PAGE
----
[7/10] Over the last three years, Canadian act Conflicted have certainly earned themselves a lot of publicity within the local scene, with the band taking out the award for Best Metal Band at the 2010 Toronto Independent Music Awards, as well as scoring three prominent awards at ImageFM Radio’s 2010 Annual Independent Music Awards.
With the band’s growing presence within the scene, and the slow building acclaim for their independently released self-titled EP and live performances, it’s not surprising to find the band being quickly snapped up by Nightmare Records, who have the honour of releasing the band’s debut full-length effort Never Be Tamed.
After a short introductory keyboard piece (“After Too Long”), the five piece act quickly launch into the album’s title track “Never Be Tamed..” If proof were needed as to why Conflicted have generated such a buzz within the underground scene, then “Never Be Tamed” provides plenty of it. From the biting guitar riffs, the neo-classical shredding solos, the atmospheric keyboards to Jason Orton’s impressive range on the vocals (which brings to mind Tim ‘Ripper’ Owens), Conflicted present listeners with a huge sound and demonstrate enough flair in song writing to make the song really stand out. In short, “Never Be Tamed” is a killer opener, and a credit to the band’s abilities on all fronts.
On the mid-paced follow up effort “Victor(ia)” allows keyboardist Ron De Coste and guitarist Mark Owen to showcase their trade offs between each other, while on “Fallen” and “I Wish. I Remember”, the band further explore the progressive rock side of their sound with Orton fully showcasing his range and De Coste taking on a lead role in helping shape the direction of the songs varied tempos and moods.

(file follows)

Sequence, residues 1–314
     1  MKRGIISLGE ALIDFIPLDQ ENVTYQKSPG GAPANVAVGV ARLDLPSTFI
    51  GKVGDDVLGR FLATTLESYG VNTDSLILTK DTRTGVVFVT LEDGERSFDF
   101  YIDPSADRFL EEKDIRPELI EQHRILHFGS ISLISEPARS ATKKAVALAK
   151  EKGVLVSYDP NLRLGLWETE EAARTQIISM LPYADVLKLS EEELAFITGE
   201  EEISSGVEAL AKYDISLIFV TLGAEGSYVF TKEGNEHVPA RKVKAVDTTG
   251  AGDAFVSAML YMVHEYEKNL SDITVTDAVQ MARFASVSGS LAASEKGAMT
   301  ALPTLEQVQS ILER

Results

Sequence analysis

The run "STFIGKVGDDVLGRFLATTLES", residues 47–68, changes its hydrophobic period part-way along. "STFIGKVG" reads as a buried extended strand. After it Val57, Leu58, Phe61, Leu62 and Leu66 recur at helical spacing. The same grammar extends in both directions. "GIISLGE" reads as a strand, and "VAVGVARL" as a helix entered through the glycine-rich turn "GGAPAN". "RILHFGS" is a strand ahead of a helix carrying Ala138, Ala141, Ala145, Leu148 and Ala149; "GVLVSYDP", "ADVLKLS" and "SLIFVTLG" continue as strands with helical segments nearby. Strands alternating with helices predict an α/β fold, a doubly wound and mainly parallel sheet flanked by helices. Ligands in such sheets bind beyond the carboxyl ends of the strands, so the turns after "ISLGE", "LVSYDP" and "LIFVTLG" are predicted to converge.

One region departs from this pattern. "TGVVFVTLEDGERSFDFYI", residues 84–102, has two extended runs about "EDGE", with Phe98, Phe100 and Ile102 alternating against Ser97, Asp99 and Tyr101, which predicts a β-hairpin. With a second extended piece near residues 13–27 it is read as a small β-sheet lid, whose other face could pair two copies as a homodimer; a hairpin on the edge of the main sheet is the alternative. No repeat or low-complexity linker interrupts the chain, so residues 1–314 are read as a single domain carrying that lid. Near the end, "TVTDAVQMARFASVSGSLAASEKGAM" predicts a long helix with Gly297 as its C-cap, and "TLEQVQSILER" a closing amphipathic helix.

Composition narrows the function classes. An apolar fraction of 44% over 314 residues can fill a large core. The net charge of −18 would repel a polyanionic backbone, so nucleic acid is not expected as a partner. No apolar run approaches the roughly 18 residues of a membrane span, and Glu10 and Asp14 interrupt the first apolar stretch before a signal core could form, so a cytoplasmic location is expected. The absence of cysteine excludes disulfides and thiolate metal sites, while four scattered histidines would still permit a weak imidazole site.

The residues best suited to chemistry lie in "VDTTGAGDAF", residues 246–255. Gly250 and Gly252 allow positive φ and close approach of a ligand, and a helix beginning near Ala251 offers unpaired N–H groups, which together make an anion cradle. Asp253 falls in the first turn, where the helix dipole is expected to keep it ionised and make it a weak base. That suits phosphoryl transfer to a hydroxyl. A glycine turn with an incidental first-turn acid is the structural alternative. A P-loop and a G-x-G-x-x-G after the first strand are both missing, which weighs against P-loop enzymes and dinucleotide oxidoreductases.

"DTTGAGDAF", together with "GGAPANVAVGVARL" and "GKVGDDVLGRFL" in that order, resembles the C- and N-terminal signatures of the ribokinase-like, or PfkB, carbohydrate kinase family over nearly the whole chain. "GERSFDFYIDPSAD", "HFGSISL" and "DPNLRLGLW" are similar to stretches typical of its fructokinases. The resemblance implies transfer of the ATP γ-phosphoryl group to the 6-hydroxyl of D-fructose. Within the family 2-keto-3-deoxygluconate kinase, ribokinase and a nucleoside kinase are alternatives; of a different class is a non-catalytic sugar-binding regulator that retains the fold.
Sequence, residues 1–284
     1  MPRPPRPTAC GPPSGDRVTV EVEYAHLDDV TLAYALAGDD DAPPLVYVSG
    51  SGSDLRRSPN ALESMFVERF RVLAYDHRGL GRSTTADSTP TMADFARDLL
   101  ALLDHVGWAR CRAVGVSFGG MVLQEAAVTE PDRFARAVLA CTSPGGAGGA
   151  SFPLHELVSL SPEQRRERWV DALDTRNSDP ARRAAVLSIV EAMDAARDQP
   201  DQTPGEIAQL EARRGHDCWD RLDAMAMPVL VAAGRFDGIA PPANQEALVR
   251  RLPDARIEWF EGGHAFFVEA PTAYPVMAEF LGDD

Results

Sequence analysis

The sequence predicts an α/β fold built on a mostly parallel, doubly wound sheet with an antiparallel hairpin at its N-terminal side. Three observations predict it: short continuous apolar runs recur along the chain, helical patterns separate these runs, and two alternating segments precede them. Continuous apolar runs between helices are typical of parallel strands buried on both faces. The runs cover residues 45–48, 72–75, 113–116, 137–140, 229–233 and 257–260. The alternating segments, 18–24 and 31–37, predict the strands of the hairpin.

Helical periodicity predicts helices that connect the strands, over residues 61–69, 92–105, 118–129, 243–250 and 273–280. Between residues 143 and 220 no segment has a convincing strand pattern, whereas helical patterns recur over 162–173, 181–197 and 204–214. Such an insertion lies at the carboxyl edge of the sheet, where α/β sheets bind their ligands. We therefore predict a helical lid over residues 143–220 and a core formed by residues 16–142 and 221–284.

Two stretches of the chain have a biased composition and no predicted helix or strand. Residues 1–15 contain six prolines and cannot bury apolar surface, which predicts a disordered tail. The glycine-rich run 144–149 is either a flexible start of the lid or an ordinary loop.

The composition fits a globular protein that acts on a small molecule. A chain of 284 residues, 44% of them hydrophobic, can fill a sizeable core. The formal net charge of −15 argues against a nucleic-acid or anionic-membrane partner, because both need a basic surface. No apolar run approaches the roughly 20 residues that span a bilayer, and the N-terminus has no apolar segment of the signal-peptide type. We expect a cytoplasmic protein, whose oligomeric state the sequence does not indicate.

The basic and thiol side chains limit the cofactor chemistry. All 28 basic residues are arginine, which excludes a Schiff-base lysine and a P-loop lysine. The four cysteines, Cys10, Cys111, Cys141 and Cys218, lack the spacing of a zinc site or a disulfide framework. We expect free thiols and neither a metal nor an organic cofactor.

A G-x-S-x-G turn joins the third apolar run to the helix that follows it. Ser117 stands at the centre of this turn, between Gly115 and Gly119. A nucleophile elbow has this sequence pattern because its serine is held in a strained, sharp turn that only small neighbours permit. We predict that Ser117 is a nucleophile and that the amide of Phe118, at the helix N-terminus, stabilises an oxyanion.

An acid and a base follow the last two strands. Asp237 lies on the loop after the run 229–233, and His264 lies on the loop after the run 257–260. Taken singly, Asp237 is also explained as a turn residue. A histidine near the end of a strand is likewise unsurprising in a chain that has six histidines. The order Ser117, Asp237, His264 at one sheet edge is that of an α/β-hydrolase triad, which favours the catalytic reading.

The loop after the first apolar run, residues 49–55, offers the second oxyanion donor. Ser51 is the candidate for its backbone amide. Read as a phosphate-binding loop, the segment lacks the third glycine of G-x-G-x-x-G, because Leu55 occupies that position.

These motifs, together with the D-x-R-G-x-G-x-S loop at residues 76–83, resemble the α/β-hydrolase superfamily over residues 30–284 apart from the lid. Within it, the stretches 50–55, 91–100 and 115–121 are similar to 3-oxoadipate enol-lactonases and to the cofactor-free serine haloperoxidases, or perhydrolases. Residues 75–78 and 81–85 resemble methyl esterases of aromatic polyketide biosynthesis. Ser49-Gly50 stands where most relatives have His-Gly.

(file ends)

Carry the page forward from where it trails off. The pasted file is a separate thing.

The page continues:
The straight forward “The Hand of God” is easily another favourite with its heavy riff structures and catchy choruses, while “Stay” and “Heat Me Up” are worthy follow up efforts, with Orton’s performances on the pair by far his best on the album as a whole.
Steering more towards the neo-classical/progressive power metal side of things are “Alive” and “Torment”, while the closing effort “Release” seems to sum up all the different aspects and feels that make up the Conflicted sound all within the one track.
Although some of the song writing isn’t all that amazing, and the production a little too focused on Orton rather than the band itself, overall it’s not all that surprising to see why Conflicted have had a lot of people talking. Never Be Tamed is an impressive debut, and will appeal to those who have always wondered what Kamelot would sound like if they were fronted by a guitar wielding Ripper Owens.
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